By David Sterman
To paraphrase the 17th-century philosopher Thomas Hobbes, the tenure of a corporate executive can be "nasty, brutish, and short." Indeed, many CEOs and chief financial officers last just a few years on the job before the board decides that fresh blood is needed.
Most of the time, such a transition appears to be orderly. But when an abrupt change is made, you should almost always move quickly to sell shares. There's a good chance that you'll be able to buy back shares at a much better price down the road, for reasons I'll explain in a moment.
Scandal in the Grocery Aisle
After a series of stumbles, including a botched deal to buy Pringles potato crisps and allegations of price-fixing in the walnut market, several executives at Diamond Foods (NASDAQ:DMND) were abruptly terminated in February 2012. Shares collapsed by two-thirds from prices seen just a few months earlier, leading some investors to start bottom-feeding this stock in search of value.
Such buying turned out to be premature as Diamond Foods' problems only deepened from there, and the company repeatedly missed filing deadlines with the Securities and Exchange Commission (SEC).
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Even though attempting to catch a falling knife like this is unwise, it's still worthwhile to track a broken company's next moves. It took nearly a year for Diamond Foods' new management team to fix the mess, but by early this year it was increasingly clear that the crisis was passing and improving quarterly results lay ahead. In the past six months, this stock has posted an impressive 60% rebound.
Polycom and RadioShack: Tied at the Hip
Video- and audio-conferencing equipment maker Polycom asked its CEO Andrew Miller to pack up his desk after the board discovered "irregularities" on his expense reports. At first glance, this should have no bearing on the company's prospects. Indeed, the company paired this bad news with a fairly solid second-quarter report.
Yet the CEO change means that Miller's successor is likely to come aboard, review operations for a few months, and then establish a new (usually lower) set of forward expectations. That's what all new CEOs do. And these folks often replace key company executives with their own trusted lieutenants, creating disruption in the sales force and product development divisions.
The key takeaway: Although shares of Polycom fell roughly 10% on the news of Miller's departure, few positive catalysts exist in the near term. A new CEO, once in place, may look to lower earnings expectations for the company as major operational changes are made.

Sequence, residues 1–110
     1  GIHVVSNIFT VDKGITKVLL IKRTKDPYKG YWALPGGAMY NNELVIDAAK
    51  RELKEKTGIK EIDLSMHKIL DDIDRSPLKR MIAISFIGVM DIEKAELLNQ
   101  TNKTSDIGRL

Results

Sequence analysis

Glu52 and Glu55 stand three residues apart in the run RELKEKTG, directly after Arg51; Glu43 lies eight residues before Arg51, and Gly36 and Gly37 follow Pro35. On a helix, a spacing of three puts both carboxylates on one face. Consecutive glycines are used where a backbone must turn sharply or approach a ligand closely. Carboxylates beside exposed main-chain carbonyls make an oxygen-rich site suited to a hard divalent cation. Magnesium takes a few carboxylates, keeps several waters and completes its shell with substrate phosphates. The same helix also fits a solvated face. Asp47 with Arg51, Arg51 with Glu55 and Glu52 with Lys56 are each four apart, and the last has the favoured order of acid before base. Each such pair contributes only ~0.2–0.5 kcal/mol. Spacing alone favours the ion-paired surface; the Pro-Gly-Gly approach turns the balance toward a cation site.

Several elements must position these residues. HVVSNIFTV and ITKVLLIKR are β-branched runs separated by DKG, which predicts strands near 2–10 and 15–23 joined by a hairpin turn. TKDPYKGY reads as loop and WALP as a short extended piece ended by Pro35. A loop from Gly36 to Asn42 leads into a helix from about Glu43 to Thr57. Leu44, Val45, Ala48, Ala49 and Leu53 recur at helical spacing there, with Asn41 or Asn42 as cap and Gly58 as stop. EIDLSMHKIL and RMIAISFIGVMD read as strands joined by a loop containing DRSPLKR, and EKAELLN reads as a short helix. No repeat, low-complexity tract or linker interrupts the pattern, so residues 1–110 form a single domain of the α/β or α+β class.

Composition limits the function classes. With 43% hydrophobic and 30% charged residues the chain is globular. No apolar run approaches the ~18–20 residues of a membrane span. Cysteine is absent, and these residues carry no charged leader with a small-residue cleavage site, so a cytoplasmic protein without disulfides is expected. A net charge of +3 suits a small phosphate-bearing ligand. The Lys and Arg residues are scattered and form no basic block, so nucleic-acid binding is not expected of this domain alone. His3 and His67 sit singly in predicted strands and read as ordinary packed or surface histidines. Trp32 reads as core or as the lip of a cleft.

The Sinking Ship
It's hard not to feel for RadioShack CEO Joe Magnacca. He took the reins of the beleaguered electronics retailer in February and is trying to move quickly to reverse a half-decade of missteps made by his predecessors. Yet he doesn't have the luxury of time. RadioShack's balance sheet has been badly depleted, and the company may need some sort of financial lifeline.
The abrupt departure of CFO Dorvin Lively also implies that Magnacca will have to make choices that are unpalatable to investors. Perhaps the company will need to sell a lot of stock to stay afloat. Perhaps it will sell more bonds with very high yields, which would only heighten the company's financial risk. Whatever tough course is chosen, it's up to the CFO to try to calm nervous investors while internally tightening an already tight cost structure. This CFO's departure almost guarantees that more tough times lay ahead.
Risks to Consider
As an upside risk, management vacancies sometimes pave the way for a sale of the company, although that is hardly a reason to consider purchasing a stock. Can Polycom and RadioShack turn things around? Perhaps. The new management team at Diamond Foods has managed to turn the ship around, but it took several quarters before progress appeared. In the interim, shares were left to drift steadily lower. That's why it's wise to "sell on the news" when you hear about executive departures.
Disclosure: I have no positions in any stocks mentioned, and no plans to initiate any positions within the next 72 hours. I wrote this article myself, and it expresses my own opinions. I am not receiving compensation for it. I have no business relationship with any company whose stock is mentioned in this article.